Healthy eating – The difficult task of teaching students about good nutrition
Paul Buckland reflects on the task of getting students to eat more healthily – and how in the wrong hands, nutrition can become ammunition…
I’ve always had a keen interest in maintaining a healthy and active lifestyle, with good nutrition at the heart of it. I’ll admit, I’ve not always managed to put theory into practice, but I’m still an enthusiastic trier.
That said, being married to a Food and Nutrition teacher (not, it should be noted, a food tech or, God forbid, cookery teacher) means I’m ‘fortunate’ enough to be regularly reminded of what I should and shouldn’t be consuming.
That hasn’t always been easy, particularly during stressful times at school – but after coming to terms with my fundamentally flawed nature, I’m at least allowed one bacon sandwich a week. Processed foods remain otherwise forbidden.
(That said, I did once have an unspoken agreement with the catering manager at my last school that my Friday bacon sarnie before the staff briefing was strictly between us. Sorry, Carol…)
A perverse decision
With the my students’ best interests always in mind, I’ve consistently supported the promotion of healthy eating and lifestyles in every school I’ve worked at. Then, as now, I’ve fully observed the principle that what we put into our bodies impacts upon how well we work, in every sense.
My colleagues and I engaged with different government programmes to try and acquire the status of a ‘Healthy School’, in whichever format was being recognised took at the time – be it the National Healthy Schools Standard; the Healthy Schools Rating Scheme; the Food in Schools Policy or simply the Eat Well Guide.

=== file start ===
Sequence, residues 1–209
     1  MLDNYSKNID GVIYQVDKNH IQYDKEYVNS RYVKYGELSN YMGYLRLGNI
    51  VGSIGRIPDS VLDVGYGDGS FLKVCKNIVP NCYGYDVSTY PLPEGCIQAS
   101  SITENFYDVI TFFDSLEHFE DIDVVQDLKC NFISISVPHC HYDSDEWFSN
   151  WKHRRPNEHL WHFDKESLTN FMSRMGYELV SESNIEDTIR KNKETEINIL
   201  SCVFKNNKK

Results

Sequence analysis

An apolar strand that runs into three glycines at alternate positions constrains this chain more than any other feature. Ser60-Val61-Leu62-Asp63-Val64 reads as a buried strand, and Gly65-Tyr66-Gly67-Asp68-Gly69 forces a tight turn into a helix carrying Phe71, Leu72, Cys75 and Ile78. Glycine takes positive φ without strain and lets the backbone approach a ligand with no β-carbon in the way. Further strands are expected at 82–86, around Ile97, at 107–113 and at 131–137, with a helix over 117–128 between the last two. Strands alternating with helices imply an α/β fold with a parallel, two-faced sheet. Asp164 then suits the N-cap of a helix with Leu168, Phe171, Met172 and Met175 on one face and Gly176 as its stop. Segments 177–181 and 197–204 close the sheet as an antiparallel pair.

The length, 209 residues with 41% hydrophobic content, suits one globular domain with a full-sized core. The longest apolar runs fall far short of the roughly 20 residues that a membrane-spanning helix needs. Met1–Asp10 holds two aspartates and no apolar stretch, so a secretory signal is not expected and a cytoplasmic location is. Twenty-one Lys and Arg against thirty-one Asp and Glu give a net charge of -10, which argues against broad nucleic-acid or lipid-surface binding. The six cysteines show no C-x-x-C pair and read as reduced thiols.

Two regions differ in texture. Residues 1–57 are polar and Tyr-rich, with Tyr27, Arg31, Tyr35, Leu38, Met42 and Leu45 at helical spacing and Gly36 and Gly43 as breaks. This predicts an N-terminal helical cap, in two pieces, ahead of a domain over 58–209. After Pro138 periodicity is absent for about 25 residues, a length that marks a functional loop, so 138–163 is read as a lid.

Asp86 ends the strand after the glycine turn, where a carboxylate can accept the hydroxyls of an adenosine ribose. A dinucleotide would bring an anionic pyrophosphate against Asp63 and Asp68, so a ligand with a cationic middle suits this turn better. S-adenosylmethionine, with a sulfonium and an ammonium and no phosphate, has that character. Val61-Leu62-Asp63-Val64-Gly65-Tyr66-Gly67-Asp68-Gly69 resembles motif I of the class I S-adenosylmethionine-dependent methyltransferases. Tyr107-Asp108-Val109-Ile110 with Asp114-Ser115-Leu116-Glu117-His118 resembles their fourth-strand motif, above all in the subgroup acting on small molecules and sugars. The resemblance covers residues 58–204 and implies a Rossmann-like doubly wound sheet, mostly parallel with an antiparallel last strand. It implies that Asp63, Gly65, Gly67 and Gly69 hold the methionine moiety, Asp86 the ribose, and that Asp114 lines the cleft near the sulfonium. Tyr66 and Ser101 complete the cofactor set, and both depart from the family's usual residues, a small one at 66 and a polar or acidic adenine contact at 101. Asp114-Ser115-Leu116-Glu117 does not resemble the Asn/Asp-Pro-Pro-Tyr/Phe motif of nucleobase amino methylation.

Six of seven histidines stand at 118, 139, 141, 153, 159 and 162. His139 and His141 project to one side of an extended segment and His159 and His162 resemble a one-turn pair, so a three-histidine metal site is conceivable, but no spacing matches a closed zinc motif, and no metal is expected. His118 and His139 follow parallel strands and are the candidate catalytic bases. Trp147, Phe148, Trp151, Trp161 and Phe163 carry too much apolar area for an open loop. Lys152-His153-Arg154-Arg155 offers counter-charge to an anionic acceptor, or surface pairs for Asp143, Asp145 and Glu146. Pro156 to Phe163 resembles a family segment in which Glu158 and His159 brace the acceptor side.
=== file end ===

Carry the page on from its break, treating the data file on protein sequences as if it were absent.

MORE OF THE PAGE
I expect I’m therefore not alone in feeling that the government’s decision to delay, and then subsequently review its Obesity Strategy – in an apparent attempt to limit the impact of the cost of living crisis – is a retrograde step. It seems like a perverse decision to me; one that’s likely to cost the country millions in future health costs, and sow health issues amongst children that will be with us for generations to come.
Leaving ‘BOGOF’ deals for sugary drinks and snacks in place and allowing the promotion of such foods to continue will only serve to undermine efforts aimed at improving children’s wellbeing, but we continue to do our best in the face of absurdity.
Getting the message
One incident during my final term at my last school reassured me, in a roundabout kind of way, that I was leaving the place at an encouraging point in its ‘healthy eating’ journey towards improvement.
After a fairly uneventful bus duty, I made my way towards the food and nutrition classroom to see the head of department, as I had some news for her. I found her restoring order to a roomful of Y8s following a practical activity.
“Good afternoon, Linda. How were the quiches?”
“If I never see another quiche again, it’ll be too soon. What can I do for you?”
“I’ve come to congratulate you on the success of your push with the Eat Well Guide and the promotion of Healthy Eating.”
“That’s great to hear, but it’s a whole school initiative – I hope.”
I made a mental note to think things through before speaking next time.
“Of course, but I do credit you with this particular success.”
Linda raised her eyebrows.
“We had an issue with two Y8 students at lunchtime today,” I continued.
Her brow furrowed.
“I had a call from reception to say that a member of the public wished to complain about a couple of our students throwing food over the wall at passing cars.”
“I’m not sure I see the connection.”
I explained that with the help of our lunchtime supervisors and the photo-file, the culprits had been identified and reprimanded. The head of year, who had meted out appropriate punishments, had been to see me and explained the details.
I concluded by saying, “It seems they were throwing some items from their lunchboxes. Slices of kiwi fruit and blueberries, mainly.” I paused to let the words sink in. “So… the Eat Well message is certainly getting across…”
“I see,” said Linda. “ I guess the next step is to get them actually eating it.”
I nodded. Small steps, I agreed, but progress all the same…
Paul Buckland is a recently retired secondary headteacher; for more information, click here